A human rights organisation has said an Irish teenager who has been held in an Egyptian prison for more than two years is in danger of being subjected to "experimental torture".
Ibrahim Halawa, a 19-year-old from Dublin, was arrested along with his two sisters while participating in anti-government demonstrations in Ra'abaa Square in 2013. Halawa was one of hundreds of activists arrested iduring the demonstrations, during which it is estimated that around 800 people were killed by Egyptian police.
He is currently being held in the Wadi Natrun prison – one of Egypt's highest-security jails – awaiting a mass trial with other protesters. His lawyers and human rights organisations have warned that if he is found guilty, he could face the death penalty.
During his time there, Halawa has seen prisoners forced to undergo "experimental torture" techniques such as electrocution, human rights organisation Reprieve said.
In a statement, Reprieve said: "A caseworker was told by Ibrahim that some prisoners were being tied naked in a crucifix position in the prison's halls, while others had been electrocuted, using pools of water to increase the pain.
"Ibrahim added that he was regularly beaten with rubber bars, and was singled out by one senior guard for particular abuse."
Maya Foa, director of the death penalty team at Reprieve, said: "Ibrahim Halawa has been through a horrifying ordeal – arrested and tortured as a child, held in deplorable conditions for over two years, and now faced with the threat of a mass death sentence.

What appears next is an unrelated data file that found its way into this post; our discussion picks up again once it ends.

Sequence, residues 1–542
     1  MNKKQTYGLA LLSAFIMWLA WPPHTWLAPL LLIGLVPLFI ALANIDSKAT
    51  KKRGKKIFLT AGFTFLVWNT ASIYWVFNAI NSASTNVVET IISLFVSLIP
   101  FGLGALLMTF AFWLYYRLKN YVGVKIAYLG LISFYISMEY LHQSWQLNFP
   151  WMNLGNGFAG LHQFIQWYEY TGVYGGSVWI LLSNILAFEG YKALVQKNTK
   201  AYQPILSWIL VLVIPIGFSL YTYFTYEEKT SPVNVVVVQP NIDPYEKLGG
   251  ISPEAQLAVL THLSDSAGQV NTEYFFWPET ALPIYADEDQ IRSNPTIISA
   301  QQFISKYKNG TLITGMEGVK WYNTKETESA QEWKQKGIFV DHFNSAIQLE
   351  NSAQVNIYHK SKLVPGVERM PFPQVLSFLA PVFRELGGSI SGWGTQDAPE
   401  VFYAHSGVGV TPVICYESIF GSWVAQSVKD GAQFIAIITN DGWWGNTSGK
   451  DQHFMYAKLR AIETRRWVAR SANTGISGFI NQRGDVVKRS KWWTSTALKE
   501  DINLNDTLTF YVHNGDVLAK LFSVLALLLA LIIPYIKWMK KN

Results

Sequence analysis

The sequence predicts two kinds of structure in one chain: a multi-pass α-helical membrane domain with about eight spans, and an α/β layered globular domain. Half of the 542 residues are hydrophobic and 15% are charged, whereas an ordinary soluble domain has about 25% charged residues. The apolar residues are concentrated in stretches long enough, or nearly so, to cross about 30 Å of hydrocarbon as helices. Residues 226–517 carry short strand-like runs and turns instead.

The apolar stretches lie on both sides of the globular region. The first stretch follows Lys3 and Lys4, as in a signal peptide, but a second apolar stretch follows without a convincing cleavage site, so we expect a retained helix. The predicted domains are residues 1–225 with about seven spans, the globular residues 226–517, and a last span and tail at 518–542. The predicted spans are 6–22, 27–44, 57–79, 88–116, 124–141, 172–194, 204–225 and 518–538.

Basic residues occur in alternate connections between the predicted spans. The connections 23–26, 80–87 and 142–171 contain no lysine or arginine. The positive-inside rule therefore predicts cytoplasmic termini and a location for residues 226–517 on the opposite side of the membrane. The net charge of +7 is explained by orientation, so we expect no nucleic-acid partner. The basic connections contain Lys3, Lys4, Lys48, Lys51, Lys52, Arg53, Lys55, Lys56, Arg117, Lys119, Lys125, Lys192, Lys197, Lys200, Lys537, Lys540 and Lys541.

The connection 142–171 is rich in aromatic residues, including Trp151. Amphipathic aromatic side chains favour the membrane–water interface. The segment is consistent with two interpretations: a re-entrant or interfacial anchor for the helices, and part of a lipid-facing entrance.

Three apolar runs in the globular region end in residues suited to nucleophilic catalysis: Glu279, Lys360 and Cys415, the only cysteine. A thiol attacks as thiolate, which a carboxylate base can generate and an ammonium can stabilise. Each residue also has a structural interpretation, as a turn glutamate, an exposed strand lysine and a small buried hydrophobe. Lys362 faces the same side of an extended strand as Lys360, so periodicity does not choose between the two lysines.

"The latest reports of the torture meted out in his prison are deeply shocking – and it's utterly clear that his trial alongside 493 other prisoners has precious little to do with justice. Governments that are closely allied to Egypt – including the UK and Ireland – must urge Sisi's government to release Ibrahim and the many others like him."
Caseworkers have previously noted that Halawa's health was deteriorating, in a statement his legal team gave BuzzFeed News earlier this year.
Reprieve's warning comes following meetings last week between David Cameron and the Egyptian president Abdel Fatah el-Sisi.
Sisi's UK visit has been met with large protests due to his record on human rights, particularly in relation to the large number of arrests of Muslim Brotherhood activists.
Earlier this month, Halawa's sisters appealed to David Cameron to raise their brother's case during the Egyptian president's visit to the UK.
Omaima Halawa told BuzzFeed News her brother's health was deteriorating due to bad conditions inside the prison, and said he was also on a hunger strike to protest against his treatment.
"We'd say the only way [Cameron] can justify this meeting is to question Sisi on his human rights abuses, the murders he is responsible for in Egypt," she said. "Not just my brother, but also the thousands like him."
BuzzFeed News has contacted the Egyptian embassy in London for comment.
Hussein Kesvani is a reporter for BuzzFeed News and is based in London.
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